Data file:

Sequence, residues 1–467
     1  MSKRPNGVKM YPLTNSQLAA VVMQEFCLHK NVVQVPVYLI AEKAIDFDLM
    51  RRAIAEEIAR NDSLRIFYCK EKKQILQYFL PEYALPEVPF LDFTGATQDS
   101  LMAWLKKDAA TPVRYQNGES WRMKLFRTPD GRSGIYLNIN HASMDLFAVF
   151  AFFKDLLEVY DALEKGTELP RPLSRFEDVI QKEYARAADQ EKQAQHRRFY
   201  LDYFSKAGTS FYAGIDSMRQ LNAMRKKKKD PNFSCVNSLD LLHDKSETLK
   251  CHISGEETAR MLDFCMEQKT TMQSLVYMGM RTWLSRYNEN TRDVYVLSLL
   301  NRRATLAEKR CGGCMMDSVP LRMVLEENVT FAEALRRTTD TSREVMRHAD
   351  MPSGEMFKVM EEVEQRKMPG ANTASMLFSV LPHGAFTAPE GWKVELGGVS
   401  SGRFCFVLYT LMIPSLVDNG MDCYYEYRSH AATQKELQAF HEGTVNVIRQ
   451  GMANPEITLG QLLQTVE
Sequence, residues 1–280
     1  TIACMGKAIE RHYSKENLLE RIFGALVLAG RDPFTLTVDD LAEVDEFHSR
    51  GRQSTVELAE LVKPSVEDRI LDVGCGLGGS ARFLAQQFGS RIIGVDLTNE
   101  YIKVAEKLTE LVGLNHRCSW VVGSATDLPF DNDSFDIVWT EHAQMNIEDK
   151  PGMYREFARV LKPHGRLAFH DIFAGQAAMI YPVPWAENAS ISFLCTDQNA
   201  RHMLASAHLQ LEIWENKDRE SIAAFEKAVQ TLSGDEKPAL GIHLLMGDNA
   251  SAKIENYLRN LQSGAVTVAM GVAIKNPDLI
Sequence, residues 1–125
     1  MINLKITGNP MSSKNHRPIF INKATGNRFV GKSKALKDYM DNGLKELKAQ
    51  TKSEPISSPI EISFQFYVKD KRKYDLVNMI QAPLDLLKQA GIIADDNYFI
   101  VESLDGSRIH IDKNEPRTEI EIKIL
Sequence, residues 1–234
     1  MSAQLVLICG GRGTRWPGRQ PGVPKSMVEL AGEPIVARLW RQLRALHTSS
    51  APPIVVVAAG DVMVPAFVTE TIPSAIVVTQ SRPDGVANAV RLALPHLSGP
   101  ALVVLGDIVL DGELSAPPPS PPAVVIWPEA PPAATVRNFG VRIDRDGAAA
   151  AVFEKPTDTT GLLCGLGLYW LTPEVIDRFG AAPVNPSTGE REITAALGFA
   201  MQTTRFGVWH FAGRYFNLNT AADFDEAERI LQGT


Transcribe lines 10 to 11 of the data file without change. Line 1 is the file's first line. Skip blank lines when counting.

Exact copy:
   401  SGRFCFVLYT LMIPSLVDNG MDCYYEYRSH AATQKELQAF HEGTVNVIRQ
   451  GMANPEITLG QLLQTVE